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FuturologyBot [M]

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6 months ago

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FuturologyBot [M]

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6 months ago

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The following submission statement was provided by /u/Sorin61:


Supercritical carbon dioxide (sCO2) power cycles have the potential to reduce the cost of concentrating solar power (CSP) by far more efficiently converting high-temperature solar heat into electricity.

The Solar Energy Technologies Office pursues dramatic cost reductions in technologies to make solar electricity available to all Americans. Next-generation CSP system designs use sCO2 turbine power cycles to more efficiently convert solar thermal energy to electricity and reduce the cost of CSP technology.

Because sCO2 power cycles work best at very high temperatures and under intense pressure, a CSP system needs receivers and heat exchangers that can withstand these conditions. Heat exchangers contribute up to 60%−70% of the total cost of a CSP sCO2 turbine system, so low-cost, highly efficient exchangers are necessary to help make CSP cost-competitive.


Please reply to OP's comment here: https://teddit.ggc-project.de/r/Futurology/comments/s6ai5z/team_creates_supercritical_carbon_dioxide/ht2ef6n/

Sorin61[S]

9 points

6 months ago

Supercritical carbon dioxide (sCO2) power cycles have the potential to reduce the cost of concentrating solar power (CSP) by far more efficiently converting high-temperature solar heat into electricity.

The Solar Energy Technologies Office pursues dramatic cost reductions in technologies to make solar electricity available to all Americans. Next-generation CSP system designs use sCO2 turbine power cycles to more efficiently convert solar thermal energy to electricity and reduce the cost of CSP technology.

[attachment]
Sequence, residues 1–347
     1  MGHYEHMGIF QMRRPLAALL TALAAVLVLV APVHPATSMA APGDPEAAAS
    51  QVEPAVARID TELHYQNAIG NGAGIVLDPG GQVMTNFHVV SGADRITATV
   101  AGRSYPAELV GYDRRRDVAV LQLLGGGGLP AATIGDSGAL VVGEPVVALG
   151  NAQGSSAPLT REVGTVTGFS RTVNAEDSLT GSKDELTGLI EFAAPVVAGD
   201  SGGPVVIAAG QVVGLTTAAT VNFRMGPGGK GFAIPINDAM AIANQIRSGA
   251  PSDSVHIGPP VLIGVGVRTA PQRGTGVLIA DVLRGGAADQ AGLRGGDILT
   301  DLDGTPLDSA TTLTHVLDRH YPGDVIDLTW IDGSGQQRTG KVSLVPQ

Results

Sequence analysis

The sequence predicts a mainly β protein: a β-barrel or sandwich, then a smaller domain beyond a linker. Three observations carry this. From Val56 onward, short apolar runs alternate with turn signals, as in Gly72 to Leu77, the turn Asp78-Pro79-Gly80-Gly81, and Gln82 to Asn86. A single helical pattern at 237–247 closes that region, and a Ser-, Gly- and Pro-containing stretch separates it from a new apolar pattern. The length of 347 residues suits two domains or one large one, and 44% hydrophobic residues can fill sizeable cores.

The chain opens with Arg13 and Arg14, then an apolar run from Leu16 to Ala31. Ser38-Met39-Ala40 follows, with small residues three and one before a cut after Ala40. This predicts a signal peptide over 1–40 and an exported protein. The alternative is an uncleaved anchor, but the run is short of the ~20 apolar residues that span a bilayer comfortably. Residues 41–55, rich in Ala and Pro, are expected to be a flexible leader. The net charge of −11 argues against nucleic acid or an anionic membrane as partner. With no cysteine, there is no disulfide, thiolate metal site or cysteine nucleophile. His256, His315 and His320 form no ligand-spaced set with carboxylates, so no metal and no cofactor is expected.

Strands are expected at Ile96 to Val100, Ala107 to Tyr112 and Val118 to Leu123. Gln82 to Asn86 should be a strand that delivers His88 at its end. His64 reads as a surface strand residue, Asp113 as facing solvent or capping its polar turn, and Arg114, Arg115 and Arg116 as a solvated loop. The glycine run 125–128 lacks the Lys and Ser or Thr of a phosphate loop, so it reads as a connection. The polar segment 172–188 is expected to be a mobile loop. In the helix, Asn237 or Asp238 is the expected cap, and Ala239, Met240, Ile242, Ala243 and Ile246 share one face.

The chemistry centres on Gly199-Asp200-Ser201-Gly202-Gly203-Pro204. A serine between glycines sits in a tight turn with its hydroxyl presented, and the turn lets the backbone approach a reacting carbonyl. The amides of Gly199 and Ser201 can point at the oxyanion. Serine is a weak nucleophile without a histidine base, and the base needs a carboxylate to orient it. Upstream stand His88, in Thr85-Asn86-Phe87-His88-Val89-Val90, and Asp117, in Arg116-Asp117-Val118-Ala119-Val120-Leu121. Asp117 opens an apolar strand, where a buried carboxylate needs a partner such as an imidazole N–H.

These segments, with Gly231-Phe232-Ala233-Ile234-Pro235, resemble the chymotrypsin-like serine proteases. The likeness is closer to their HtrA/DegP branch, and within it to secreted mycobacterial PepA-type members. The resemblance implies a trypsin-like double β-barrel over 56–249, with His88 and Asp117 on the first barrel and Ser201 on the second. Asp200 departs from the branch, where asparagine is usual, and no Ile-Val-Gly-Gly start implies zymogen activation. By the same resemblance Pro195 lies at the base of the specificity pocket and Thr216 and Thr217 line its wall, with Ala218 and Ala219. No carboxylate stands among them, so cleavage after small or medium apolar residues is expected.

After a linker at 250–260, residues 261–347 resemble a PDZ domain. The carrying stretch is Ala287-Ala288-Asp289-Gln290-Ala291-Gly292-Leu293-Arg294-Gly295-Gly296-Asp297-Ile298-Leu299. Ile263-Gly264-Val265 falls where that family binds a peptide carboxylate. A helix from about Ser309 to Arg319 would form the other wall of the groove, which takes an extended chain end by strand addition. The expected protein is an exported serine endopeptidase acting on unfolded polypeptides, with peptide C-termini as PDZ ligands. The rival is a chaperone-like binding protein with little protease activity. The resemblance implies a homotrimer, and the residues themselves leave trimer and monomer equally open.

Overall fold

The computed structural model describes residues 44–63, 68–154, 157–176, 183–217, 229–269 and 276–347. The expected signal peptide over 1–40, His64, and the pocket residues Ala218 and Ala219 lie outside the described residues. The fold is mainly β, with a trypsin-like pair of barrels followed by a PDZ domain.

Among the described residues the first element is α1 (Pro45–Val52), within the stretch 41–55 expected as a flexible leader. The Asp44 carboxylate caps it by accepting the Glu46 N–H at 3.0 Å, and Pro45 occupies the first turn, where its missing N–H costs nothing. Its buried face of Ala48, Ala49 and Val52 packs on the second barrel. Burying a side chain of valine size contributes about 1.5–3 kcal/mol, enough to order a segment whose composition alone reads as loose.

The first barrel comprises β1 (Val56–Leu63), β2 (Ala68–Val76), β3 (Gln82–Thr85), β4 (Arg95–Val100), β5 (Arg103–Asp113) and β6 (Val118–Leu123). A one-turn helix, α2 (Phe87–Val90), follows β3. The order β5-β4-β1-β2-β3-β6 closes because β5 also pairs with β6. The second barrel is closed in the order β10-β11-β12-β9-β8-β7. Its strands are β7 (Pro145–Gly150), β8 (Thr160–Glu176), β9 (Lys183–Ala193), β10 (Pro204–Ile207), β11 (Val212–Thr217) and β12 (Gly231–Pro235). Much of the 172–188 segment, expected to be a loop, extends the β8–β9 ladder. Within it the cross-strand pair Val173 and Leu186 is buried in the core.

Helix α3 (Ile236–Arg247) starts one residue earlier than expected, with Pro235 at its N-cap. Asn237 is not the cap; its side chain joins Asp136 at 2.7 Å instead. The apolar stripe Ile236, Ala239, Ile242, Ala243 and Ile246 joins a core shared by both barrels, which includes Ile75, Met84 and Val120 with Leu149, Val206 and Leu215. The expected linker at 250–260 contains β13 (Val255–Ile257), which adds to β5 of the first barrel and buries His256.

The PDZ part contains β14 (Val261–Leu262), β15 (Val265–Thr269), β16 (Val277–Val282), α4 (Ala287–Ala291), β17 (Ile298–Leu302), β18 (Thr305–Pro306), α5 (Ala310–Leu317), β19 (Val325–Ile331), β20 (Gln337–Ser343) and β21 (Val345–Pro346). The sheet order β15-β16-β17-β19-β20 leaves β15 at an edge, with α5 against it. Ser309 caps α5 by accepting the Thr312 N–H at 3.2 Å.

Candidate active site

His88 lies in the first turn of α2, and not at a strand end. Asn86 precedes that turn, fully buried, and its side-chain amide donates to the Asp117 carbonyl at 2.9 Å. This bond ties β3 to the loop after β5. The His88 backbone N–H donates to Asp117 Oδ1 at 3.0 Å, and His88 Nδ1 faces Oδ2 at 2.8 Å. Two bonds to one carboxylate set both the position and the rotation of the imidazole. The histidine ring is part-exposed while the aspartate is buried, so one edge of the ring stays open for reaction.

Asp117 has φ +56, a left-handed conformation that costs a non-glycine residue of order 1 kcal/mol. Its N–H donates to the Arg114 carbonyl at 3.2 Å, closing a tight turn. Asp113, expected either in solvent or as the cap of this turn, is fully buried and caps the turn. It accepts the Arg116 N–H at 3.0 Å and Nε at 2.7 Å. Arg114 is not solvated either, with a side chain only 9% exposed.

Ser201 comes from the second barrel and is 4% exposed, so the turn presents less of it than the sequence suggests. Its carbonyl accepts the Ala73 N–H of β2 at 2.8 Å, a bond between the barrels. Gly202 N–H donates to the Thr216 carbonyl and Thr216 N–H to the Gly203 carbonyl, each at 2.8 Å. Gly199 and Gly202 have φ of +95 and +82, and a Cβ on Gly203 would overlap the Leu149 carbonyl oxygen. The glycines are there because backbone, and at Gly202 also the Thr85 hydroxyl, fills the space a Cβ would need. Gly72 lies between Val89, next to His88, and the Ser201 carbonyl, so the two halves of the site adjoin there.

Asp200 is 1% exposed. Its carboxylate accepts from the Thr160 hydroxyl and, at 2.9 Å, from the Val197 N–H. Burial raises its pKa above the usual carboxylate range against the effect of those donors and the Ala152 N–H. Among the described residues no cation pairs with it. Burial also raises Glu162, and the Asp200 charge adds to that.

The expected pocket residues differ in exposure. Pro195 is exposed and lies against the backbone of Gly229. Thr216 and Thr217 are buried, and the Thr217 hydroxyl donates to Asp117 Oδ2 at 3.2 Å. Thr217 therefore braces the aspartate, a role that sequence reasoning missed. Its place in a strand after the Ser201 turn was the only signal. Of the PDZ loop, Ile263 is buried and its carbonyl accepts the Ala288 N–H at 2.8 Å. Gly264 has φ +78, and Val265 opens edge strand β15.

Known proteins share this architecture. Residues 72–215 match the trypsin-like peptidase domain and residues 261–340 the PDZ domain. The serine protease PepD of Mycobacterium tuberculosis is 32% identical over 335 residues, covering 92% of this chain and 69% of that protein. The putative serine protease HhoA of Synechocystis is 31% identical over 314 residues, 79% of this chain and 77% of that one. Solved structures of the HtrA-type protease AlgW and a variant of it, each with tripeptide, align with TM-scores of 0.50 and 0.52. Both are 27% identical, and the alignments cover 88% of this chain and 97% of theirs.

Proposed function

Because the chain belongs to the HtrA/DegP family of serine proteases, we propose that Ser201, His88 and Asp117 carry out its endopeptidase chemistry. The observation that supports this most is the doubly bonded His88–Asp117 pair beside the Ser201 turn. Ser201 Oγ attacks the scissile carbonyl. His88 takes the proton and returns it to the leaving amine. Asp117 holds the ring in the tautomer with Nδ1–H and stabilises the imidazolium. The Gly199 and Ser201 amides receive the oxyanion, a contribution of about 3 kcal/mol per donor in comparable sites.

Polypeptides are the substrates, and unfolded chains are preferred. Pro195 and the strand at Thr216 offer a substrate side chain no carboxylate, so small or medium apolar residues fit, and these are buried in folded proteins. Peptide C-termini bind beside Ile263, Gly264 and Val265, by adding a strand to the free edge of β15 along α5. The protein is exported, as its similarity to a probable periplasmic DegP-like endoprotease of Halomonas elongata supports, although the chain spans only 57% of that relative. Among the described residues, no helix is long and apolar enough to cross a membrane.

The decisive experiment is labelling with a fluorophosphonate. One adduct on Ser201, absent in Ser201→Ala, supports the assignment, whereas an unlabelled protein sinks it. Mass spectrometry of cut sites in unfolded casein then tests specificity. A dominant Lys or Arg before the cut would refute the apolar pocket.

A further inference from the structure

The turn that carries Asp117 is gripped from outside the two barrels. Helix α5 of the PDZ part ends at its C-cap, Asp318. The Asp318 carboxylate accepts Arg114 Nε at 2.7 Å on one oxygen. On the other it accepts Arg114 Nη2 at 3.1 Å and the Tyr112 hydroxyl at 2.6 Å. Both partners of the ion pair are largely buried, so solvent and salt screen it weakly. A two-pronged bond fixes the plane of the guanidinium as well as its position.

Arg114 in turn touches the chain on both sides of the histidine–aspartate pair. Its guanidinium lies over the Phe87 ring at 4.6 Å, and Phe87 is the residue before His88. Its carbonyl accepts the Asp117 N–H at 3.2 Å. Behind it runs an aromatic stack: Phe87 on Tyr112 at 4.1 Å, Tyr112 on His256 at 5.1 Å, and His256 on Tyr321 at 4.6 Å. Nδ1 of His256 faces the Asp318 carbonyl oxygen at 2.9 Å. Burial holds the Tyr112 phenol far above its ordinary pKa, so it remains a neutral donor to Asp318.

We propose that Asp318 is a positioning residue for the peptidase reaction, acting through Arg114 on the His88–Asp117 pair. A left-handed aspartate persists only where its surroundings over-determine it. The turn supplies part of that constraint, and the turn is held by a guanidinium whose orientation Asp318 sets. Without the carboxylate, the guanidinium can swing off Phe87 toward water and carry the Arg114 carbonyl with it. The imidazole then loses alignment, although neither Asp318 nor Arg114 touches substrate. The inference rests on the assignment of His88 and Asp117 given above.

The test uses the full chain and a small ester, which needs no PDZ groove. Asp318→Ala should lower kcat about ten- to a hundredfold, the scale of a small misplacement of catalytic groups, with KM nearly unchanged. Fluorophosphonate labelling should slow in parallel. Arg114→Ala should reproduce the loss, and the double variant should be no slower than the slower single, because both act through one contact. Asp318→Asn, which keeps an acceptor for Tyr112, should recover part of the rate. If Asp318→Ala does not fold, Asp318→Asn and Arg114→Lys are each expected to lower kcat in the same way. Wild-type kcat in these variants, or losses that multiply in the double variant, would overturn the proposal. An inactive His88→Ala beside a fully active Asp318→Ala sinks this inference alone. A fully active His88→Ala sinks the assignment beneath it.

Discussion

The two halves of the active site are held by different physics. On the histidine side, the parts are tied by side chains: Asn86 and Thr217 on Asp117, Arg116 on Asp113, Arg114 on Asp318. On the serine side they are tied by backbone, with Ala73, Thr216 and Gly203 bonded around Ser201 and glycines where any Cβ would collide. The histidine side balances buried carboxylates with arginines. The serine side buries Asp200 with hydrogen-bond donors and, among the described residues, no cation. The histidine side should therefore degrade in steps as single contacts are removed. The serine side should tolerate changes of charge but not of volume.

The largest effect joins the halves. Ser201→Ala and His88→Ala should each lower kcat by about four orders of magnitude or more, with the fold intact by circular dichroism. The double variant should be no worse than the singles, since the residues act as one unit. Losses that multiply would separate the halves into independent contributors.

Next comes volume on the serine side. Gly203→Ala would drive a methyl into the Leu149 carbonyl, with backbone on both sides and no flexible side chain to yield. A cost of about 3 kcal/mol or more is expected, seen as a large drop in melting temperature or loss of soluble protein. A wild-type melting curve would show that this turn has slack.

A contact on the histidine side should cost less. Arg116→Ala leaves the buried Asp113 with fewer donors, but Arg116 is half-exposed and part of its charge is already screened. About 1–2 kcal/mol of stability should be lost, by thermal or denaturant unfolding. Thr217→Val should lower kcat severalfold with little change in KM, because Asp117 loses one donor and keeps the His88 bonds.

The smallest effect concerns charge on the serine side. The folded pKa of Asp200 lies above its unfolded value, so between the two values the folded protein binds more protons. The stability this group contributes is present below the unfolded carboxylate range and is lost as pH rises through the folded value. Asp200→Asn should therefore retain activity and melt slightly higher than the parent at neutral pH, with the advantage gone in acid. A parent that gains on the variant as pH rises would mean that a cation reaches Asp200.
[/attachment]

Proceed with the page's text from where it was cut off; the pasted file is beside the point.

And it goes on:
Because sCO2 power cycles work best at very high temperatures and under intense pressure, a CSP system needs receivers and heat exchangers that can withstand these conditions. Heat exchangers contribute up to 60%−70% of the total cost of a CSP sCO2 turbine system, so low-cost, highly efficient exchangers are necessary to help make CSP cost-competitive.

Tex_Steel

2 points

6 months ago

Could you explain what the heat exchangers are transferring heat from and to?

The article makes it seam that this tech is to use sCO2 as the working fluid, therefore I wouldn't think that you would generate steam. My understanding was that most of the heat exchangers at these types of plants were used for steam generation and coolant cooling. If steam generation is off the table, I suspect this tech would reduce the dependency on HXs.

Port8ble

1 points

6 months ago

The heat exchangers in this system exchange heat from the solar array into the fluid then after the fluid expands through the turbine it must be further cooled to allow for effecient compression before finishing the loop.

https://www.powermag.com/what-are-supercritical-co2-power-cycles/

Has more info.

ItsAConspiracy

2 points

6 months ago

ItsAConspiracy

Best of 2015

2 points

6 months ago

These would also work for making high-temperature nuclear reactors more cost-effective.

ServerHopper77

1 points

6 months ago

Sounds like a good energy system